Back in middle school, I imagined myself to be famous one day. Imagine that!
We know that famous people are always asked to sign autographs, so I figured it be best to start practicing my signature now.
During a particularly boring class, probably social studies, I started doodling, designing and crafting my signature. It had to be indicative of my personal style but it also had to be done quickly and consistently, because I would be mobbed by throngs of fans, of course.
I would practice pages at a time to get my signature just right. I had to be able to do it without thinking, without looking, with little to no effort, and it had to be perfect every time.
I wonder how many aspiring artists took time to craft their signature. I wonder what distinct characters they put into, what their process was like, or if they’ve given it any thought at all.
I used to imagine that an agent would say, right before a musician signs his first record deal or actress signs her first big movie contract, “Ms. Artist, you are about to become big and famous, but first you must practice your signature. I have a team to help you with that.”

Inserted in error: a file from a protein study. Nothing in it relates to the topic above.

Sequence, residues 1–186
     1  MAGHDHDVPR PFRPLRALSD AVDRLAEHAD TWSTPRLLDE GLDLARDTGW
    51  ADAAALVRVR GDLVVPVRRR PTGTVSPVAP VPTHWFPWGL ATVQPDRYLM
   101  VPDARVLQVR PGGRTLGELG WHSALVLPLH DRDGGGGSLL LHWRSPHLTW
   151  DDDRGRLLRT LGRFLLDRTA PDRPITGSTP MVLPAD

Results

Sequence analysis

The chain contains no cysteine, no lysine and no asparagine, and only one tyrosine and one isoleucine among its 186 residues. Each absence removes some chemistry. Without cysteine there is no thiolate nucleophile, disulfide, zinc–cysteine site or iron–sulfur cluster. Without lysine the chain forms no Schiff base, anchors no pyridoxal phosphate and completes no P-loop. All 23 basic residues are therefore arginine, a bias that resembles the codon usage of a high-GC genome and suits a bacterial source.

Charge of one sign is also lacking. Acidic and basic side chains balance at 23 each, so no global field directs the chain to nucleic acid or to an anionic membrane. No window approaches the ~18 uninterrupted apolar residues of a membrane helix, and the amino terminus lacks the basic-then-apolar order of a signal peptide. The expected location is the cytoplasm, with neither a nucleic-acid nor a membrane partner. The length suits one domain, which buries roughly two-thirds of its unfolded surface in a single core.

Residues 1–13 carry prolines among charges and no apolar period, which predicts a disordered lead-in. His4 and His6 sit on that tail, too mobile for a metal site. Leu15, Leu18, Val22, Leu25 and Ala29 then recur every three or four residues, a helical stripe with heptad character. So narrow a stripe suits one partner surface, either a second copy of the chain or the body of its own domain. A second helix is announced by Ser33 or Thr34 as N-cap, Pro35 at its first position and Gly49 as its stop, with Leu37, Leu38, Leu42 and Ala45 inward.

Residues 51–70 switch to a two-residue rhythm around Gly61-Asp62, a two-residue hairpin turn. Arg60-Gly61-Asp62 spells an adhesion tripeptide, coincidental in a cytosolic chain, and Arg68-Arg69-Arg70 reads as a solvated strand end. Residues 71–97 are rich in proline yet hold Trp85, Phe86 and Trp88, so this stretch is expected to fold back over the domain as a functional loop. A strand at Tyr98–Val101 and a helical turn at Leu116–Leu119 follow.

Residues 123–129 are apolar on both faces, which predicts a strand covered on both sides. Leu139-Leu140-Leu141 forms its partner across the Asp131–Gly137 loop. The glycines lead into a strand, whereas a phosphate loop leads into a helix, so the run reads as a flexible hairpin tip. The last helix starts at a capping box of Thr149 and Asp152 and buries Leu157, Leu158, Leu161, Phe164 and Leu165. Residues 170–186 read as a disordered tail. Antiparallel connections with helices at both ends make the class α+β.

The montage begins. The room fills up with signature experts who help her design the perfect signature. They blindfold her and have her write it 100 times. They simulate an autograph signing and bombard her with a thousand photos, books, and body parts to sign in under 3 minutes.
That’s how I imagined one’s initiation into the world of fame would begin, so in middle school I decided to get ahead of the game.
I wouldn’t want my lack of a dashing signature and an inability to sing multiple autographs while in the dark, hanging upside down, and tied over a pit of alligators holding back from being a superstar.